NEW YORK ( TheStreet) -- While stocks are coming off a strong week, investors shouldn't assume the S&P 500 is out of the woods just yet. "The stock market is in the process of tracing out an intermediate-term reversal formation, in our view, which we think could take a couple of weeks," wrote Mark Arbeter, chief technical strategist at S&P Capital IQ. "While the major indices appear to be tracing out double bottoms or inverse head-and-shoulders bottoms, many individual stocks as well as sectors have seen a lot of technical damage and will probably need time to repair their charts. This process will most likely keep the major indices in a volatile trading range in the weeks ahead." In commentary released during Friday's session, Arbeter noted how the S&P 500 had been hovering around its 200-day exponential moving average of 1314 the past few days. The index booked a 10-point or so gain on Friday, but he thinks it will need to take out 1335, the high from late May, in order to complete a bullish reversal pattern.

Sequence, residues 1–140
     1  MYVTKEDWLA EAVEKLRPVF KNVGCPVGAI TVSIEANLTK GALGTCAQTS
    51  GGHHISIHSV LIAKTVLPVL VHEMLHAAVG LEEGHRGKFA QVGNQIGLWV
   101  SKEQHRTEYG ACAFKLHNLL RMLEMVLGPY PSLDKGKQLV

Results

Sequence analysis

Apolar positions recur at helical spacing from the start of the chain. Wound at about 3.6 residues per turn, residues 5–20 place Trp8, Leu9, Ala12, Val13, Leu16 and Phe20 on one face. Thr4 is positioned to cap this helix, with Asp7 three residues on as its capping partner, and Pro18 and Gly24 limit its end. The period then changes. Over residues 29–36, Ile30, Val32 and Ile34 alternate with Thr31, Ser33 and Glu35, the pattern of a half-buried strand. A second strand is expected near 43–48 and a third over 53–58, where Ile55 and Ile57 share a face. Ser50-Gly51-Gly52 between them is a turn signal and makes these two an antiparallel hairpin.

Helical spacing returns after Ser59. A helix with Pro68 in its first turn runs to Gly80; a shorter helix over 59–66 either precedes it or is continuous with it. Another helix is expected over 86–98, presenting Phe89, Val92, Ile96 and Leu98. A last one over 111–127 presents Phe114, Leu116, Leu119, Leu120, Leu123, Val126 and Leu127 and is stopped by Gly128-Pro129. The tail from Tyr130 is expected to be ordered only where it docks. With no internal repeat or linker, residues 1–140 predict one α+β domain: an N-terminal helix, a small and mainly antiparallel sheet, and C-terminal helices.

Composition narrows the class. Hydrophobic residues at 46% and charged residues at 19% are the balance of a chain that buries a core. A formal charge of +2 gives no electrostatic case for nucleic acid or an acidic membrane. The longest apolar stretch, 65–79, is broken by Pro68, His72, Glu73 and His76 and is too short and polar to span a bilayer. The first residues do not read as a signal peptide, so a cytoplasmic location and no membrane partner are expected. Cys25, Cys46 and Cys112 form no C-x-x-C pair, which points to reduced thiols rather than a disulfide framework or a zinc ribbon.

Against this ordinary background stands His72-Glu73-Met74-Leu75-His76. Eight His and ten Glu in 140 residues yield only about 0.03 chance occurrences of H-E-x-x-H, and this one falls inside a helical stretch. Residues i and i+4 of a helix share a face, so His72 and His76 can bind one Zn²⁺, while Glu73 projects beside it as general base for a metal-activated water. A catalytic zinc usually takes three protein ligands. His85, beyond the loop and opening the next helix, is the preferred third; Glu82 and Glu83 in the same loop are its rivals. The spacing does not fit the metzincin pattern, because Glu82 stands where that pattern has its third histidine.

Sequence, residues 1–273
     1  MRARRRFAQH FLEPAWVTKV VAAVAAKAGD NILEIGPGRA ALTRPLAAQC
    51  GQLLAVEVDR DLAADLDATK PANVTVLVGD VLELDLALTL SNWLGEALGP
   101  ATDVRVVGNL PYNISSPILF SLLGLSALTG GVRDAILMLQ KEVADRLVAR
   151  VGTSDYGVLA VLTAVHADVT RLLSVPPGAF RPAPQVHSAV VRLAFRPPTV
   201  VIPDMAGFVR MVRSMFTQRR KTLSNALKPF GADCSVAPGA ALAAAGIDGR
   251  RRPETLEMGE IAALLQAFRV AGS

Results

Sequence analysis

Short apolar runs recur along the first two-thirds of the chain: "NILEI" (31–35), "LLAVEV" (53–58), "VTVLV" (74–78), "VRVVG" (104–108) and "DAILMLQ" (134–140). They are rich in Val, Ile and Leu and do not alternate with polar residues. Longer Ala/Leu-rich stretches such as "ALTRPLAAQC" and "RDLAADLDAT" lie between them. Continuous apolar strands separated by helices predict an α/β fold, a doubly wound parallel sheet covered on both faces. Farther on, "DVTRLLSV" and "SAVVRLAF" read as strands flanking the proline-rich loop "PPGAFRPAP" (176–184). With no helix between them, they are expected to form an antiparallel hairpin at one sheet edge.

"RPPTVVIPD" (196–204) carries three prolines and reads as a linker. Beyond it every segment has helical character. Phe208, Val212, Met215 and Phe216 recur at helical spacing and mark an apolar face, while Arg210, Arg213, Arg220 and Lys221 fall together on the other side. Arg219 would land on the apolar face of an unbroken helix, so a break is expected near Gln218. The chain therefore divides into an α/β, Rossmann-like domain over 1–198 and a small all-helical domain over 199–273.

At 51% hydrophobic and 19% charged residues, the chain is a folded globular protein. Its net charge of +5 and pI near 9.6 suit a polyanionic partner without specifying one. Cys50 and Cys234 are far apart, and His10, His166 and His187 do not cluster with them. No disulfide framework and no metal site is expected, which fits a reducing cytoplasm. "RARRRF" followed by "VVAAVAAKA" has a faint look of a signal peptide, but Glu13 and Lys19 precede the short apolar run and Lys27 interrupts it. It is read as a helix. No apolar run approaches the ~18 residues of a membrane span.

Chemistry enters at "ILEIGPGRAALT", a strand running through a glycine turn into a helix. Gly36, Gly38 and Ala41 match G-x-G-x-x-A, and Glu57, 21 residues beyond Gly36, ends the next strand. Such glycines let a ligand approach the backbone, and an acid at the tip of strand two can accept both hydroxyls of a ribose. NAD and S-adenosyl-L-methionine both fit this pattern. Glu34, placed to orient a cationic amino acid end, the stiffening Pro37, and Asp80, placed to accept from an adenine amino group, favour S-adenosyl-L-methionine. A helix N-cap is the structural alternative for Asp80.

Other key levels to watch are 1341, which represents a 50% retracement of the S&P 500's decline since May 1, and 1360, where Arbeter sees technical resistance coming into play. The good news is that investors may have already seen the near-term bottom. "On the downside, we think the low was put in during last Friday's mini-capitulation, and after this near-term rally ends, we could see some backing and filling, but we do not believe that the recent lows will get tested," Arbeter wrote. "Even if the "500" does drop to minor new lows, we believe that will still be part of the bottoming process. So, in the near- to intermediate-term, we think the "500" will most likely be confined to a very volatile trading range between the 1,250 area on the downside and 1,360 on the upside." Arbeter was reading the volatility that the market has seen of late as a turning point in terms of strategy. "As we have been warning, we thought many markets were at or near major inflection points and have been suggesting that it's time to lighten up on what has been working and reallocate to those markets that have not been working," he said. "That is, sell Treasurys and the U.S. dollar, and buy stocks and commodities. These markets were pretty stretched, with sentiment at extremes for all of them, so it's time to go the other way, in our view."